For the sake of illustration, in this answer I shall represent the shva as a colon in the middle of the word (:). There are four rules for determining whether a shva is na (‘moving’) or naḥ (‘resting’):
- If it’s in the first syllable, it is always na — e.g. l:daber, m:saper
- If it’s at the end of a syllable, or word, it is naḥ—e.g. miv:ḥan, itakh:
- If there are two consecutive shvas—the first is na, the second is naḥ—e.g. yish:m:u (pron. yish-mé-u)
- If it’s a single shva in the middle of a word, determine the basic form of the word (masc. sing. for a noun; sing. of the same tense if a verb): if a full vowel appears in the basic form, the shva is na—e.g. y:ladim [basic form: yeled], tivd:qi [masc.: tivdoq], p:qidah [paqid].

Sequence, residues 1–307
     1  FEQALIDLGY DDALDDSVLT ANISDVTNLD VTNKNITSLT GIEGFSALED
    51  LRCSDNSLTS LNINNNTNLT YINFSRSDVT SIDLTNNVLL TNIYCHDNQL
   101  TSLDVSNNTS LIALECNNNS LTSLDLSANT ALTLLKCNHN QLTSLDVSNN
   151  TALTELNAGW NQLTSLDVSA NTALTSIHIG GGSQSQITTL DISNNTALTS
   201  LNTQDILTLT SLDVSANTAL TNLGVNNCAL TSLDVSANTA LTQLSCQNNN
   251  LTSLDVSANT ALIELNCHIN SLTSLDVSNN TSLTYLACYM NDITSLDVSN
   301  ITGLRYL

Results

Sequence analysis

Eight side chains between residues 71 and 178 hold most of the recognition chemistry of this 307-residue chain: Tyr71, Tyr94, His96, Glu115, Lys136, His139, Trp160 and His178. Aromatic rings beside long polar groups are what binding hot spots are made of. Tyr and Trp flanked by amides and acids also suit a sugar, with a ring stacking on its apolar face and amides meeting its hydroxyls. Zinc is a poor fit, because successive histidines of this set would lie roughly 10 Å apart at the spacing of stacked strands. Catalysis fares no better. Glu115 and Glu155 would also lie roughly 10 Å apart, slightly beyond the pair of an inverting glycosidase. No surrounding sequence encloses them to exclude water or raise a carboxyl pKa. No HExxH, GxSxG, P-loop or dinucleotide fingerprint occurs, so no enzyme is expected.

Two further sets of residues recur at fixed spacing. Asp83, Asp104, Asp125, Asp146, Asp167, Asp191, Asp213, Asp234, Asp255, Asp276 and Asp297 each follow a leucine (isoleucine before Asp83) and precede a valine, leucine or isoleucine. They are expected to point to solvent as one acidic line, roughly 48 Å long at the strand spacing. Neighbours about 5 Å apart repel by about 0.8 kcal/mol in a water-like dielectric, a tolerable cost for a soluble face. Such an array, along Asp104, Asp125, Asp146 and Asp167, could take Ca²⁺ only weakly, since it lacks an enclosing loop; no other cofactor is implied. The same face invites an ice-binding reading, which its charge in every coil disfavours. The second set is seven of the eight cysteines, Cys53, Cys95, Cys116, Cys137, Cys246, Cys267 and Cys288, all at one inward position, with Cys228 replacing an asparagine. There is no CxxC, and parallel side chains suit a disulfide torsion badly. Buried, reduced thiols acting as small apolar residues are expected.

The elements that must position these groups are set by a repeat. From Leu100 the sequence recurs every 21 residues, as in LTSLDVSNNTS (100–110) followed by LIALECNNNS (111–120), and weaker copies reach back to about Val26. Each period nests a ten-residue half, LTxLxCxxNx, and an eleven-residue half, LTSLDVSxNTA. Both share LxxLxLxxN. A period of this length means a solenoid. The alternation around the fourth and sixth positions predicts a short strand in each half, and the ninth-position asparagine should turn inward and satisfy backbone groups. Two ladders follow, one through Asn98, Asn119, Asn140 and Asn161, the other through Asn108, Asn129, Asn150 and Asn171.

Generally speaking, a shva naḥ is a pause, and a shva na is pronounced like a standard /e/—but not always: the word p:qidah, for example, is pronounced pqidah, not peqidah.
So for pronunciation purposes, it is best to forget the four rules above, and just go by the good old IIAMIN rule, which works for most pronunciation questions in all languages: If It’s Awkward, Make It Not:
- If it’s easy to pronounce it as a pause (as at the end of a syllable—e.g. lif:nei, bil:ti ), then do so (a shva naḥ)
- If it’s awkward, then pronounce it like a standard ségol (/e/) sound—e.g. lehitgaber, mitmodedim (a shva na)